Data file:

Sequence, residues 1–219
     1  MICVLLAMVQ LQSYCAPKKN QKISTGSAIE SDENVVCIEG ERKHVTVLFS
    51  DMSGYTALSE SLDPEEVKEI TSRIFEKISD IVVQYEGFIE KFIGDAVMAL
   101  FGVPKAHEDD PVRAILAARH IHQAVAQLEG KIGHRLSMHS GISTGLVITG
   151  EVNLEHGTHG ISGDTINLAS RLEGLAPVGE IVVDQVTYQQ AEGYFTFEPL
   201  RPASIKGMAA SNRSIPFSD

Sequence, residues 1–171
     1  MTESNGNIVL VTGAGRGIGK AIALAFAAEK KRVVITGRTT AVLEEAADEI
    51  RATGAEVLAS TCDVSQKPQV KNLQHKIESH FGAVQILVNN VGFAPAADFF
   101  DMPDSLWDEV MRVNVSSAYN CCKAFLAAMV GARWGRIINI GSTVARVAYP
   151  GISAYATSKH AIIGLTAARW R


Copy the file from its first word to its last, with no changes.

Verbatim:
Sequence, residues 1–219
     1  MICVLLAMVQ LQSYCAPKKN QKISTGSAIE SDENVVCIEG ERKHVTVLFS
    51  DMSGYTALSE SLDPEEVKEI TSRIFEKISD IVVQYEGFIE KFIGDAVMAL
   101  FGVPKAHEDD PVRAILAARH IHQAVAQLEG KIGHRLSMHS GISTGLVITG
   151  EVNLEHGTHG ISGDTINLAS RLEGLAPVGE IVVDQVTYQQ AEGYFTFEPL
   201  RPASIKGMAA SNRSIPFSD

Sequence, residues 1–171
     1  MTESNGNIVL VTGAGRGIGK AIALAFAAEK KRVVITGRTT AVLEEAADEI
    51  RATGAEVLAS TCDVSQKPQV KNLQHKIESH FGAVQILVNN VGFAPAADFF
   101  DMPDSLWDEV MRVNVSSAYN CCKAFLAAMV GARWGRIINI GSTVARVAYP
   151  GISAYATSKH AIIGLTAARW R